"Bass takes all of it, the guts and glory of life, and transforms her experiences into remarkable poetry that is beautifully written, easy to understand, and complex in meaning and implication."--"Windy City Times"
"Openness, giving, and interconnection are recurring themes in Bass's work."--"La Gazette"
Ellen Bass brings a deft touch as she continues her ongoing interrogations of crucial moral issues of our times, while simultaneously delighting in endearing human absurdities. From the start of "Like a Beggar," Bass asks her readers to relax, even though "bad things are going to happen," because the "bad" gets mined for all manner of goodness.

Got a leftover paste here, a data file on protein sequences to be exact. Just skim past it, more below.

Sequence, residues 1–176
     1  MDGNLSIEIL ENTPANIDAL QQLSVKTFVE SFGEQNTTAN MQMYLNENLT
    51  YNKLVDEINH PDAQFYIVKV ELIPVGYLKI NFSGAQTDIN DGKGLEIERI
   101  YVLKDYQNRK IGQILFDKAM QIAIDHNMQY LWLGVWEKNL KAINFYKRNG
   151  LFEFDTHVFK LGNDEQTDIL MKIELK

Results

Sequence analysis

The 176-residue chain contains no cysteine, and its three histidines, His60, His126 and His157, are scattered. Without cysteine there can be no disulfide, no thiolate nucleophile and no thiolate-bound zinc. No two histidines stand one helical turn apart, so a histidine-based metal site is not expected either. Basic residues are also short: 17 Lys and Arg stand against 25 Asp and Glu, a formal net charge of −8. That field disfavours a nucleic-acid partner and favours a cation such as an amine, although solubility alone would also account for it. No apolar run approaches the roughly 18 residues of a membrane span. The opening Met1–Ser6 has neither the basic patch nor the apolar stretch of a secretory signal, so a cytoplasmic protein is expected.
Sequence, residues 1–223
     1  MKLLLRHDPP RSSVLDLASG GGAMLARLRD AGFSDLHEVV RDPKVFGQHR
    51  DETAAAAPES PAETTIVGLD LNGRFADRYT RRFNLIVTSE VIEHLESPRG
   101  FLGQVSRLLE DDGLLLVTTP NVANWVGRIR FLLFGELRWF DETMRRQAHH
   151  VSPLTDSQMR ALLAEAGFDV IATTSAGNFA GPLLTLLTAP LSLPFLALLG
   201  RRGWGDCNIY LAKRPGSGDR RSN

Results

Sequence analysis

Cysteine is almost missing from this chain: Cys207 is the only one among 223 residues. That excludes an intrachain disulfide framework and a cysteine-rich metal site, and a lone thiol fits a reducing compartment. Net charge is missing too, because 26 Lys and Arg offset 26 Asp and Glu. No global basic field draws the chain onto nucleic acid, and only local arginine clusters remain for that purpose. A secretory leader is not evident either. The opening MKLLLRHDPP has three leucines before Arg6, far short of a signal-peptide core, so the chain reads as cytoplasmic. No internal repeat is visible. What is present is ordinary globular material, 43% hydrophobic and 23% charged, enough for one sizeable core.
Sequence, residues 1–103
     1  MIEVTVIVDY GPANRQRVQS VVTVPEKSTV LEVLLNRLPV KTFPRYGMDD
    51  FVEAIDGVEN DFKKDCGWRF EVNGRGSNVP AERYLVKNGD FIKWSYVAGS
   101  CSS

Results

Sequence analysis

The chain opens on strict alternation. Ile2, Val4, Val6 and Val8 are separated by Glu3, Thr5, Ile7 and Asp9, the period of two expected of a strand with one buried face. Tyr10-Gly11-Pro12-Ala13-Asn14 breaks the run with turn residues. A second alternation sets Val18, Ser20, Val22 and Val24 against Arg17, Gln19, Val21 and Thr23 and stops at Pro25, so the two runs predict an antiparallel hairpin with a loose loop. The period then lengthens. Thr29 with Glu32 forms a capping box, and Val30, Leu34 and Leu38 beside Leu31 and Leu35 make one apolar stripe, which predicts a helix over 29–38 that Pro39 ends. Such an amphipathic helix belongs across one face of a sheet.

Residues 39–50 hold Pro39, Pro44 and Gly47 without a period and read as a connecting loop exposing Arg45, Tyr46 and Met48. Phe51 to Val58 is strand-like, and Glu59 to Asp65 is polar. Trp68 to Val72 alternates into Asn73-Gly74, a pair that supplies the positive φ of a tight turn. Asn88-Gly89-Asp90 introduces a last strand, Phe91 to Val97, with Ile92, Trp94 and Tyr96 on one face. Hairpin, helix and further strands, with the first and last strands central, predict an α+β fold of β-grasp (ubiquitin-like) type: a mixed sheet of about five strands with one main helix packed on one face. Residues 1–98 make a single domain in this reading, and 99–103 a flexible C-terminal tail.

From "Small Lives": "
After dinner, we're drinking scotch at the kitchen table.
Janet and I just watched a NOVA special
and we're explaining to her mother
the age and size of the universe--
the hundred billion stars in the hundred billion galaxies.
Dotty lives at Dominican Oaks, making her way down the long hall.
How about the sun? she asks, a little farmshit in the endlessness.
I gather up a cantaloupe, a lime, a cherry,
and start revolving this salad around the chicken carcass.
This is the best scotch I ever tasted, Dotty says,
even though we gave her the Maker's Mark
while we're drinking Glendronach..."
Ellen Bass's most recent book of poems, "The Human Line," was named a "Notable Book of the Year" by the "San Francisco Chronicle." In addition, she is co-author of the million-seller "Courage to Heal." She lives in Santa Cruz, California.